Basic science: understanding numbers
Basic science: understanding numbers

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Basic science: understanding numbers

2.3.1 Volume of the Greenland ice sheet

Previously, you were given the area for the Greenland ice sheet. To work out the volume, you will need to have an idea of how thick it is. We don’t know exactly how thick it is at every location, but you can work out a fairly good estimate.

You can work out an upper limit for the volume by knowing that it is about 3,000 m, or 3 km, thick at its thickest, so multiplying the area (1,710,000 km2) by the thickness (3 km) gives a maximum volume of 5,130,000 km3for the ice on Greenland.

But the ice is thinner in places, so what is the lower limit? At the edges of the ice sheet, the thickness of the ice tails off to a few tens of metres. If you assume a minimum thickness of 50 metres, or 0.05 km, you get a value of 1,710,000 multiplied by 0.05, or 85,500 km3 as the lowest estimate of the volume of the ice. This is still a lot of ice!

You can get a much better idea of the volume of ice, however, by using the average thickness. This has been worked out, from borehole drilling and radar measurements, to be about 1,500 m, or 1.5 km.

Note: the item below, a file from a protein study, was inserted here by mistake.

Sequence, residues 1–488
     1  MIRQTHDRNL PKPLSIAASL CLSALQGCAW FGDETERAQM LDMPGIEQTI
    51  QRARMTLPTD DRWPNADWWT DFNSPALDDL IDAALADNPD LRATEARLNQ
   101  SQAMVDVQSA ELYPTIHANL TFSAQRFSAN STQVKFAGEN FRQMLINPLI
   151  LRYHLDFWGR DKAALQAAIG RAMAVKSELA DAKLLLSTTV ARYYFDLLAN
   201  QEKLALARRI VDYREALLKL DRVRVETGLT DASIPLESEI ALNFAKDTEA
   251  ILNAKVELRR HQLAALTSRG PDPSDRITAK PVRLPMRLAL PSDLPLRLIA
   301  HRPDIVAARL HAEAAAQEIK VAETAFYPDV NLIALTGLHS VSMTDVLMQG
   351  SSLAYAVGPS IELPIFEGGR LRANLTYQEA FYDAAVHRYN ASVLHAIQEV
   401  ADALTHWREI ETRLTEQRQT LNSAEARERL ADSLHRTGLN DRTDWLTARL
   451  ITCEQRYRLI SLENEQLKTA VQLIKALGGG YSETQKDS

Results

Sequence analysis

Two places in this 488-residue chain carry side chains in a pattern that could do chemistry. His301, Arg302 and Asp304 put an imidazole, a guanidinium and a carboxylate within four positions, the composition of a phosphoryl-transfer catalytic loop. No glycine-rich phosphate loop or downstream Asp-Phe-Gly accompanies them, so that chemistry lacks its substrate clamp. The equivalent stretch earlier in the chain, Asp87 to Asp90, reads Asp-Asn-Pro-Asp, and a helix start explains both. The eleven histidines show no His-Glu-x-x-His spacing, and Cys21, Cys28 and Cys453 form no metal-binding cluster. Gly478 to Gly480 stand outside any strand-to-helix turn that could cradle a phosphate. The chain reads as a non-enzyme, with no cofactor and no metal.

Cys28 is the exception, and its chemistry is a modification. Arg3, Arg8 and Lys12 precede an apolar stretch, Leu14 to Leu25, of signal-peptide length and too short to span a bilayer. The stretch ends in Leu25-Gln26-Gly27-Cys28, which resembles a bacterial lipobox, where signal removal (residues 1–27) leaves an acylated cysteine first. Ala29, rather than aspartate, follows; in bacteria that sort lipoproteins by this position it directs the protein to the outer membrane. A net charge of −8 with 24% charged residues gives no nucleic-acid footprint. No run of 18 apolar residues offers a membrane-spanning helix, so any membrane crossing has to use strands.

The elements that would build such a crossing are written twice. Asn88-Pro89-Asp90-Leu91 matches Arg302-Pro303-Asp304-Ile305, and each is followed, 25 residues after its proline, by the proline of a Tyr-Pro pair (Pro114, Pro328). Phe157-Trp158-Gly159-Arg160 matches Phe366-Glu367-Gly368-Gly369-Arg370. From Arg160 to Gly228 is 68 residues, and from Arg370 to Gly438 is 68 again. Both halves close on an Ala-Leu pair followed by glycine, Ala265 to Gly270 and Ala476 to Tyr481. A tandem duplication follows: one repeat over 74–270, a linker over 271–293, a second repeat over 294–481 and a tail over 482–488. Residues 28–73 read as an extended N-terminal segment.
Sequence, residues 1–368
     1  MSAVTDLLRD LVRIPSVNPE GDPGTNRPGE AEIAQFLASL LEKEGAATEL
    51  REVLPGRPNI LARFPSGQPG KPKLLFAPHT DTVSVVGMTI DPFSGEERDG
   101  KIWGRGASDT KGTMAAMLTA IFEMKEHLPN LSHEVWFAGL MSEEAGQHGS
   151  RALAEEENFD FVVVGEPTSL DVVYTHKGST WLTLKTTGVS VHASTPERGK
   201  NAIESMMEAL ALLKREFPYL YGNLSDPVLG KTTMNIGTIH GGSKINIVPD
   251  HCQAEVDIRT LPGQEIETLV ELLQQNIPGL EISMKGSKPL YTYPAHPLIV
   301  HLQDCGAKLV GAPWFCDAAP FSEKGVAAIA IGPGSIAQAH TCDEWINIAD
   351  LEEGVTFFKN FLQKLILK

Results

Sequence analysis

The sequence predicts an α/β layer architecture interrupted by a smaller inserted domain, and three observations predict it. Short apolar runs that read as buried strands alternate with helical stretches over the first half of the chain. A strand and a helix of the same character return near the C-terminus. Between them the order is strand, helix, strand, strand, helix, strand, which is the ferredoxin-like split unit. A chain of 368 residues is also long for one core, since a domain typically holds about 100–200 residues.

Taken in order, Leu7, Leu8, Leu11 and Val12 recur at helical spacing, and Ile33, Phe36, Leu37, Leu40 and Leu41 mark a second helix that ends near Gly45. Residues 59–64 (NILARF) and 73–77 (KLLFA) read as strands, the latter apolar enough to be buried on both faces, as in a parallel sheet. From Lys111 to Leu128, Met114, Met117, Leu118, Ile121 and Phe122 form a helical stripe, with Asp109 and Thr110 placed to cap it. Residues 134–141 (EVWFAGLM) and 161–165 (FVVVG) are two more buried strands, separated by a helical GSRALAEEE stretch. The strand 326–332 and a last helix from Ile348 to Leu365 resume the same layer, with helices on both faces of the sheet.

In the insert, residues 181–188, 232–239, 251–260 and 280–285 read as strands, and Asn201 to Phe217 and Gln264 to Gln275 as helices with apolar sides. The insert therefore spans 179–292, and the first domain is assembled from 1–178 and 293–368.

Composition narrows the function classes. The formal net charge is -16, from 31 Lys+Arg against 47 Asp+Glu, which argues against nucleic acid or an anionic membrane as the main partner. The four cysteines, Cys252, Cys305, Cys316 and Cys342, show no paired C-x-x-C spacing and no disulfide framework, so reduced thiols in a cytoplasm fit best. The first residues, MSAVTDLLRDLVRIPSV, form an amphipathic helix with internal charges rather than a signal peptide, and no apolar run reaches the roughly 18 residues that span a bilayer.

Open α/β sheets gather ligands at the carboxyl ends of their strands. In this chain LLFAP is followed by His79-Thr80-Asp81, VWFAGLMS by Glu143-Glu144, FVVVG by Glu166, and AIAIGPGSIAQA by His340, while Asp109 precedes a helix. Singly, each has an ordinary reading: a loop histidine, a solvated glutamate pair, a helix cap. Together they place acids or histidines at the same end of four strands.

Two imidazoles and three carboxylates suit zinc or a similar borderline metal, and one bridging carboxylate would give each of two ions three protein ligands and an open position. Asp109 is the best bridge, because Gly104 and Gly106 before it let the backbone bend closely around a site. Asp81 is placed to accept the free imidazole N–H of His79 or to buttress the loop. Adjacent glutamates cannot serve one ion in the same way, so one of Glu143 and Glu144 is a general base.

Activity 2.1 Calculating the volume of the Greenland ice sheet

Allow about 15 minutes

If you multiply the area of 1,710,000 km2 by 1.5 km, you get a value of 2,565,000 km3 for the volume of the ice on Greenland. Use the internet to look up official estimates of the volume of ice on Greenland and share them in the forum thread for this activity [Tip: hold Ctrl and click a link to open it in a new tab. (Hide tip)] . How do you think we did using the simple area and average thickness? Discuss this point with your fellow students.

In the next section, you will look at why ice floats on water, when you discuss density.

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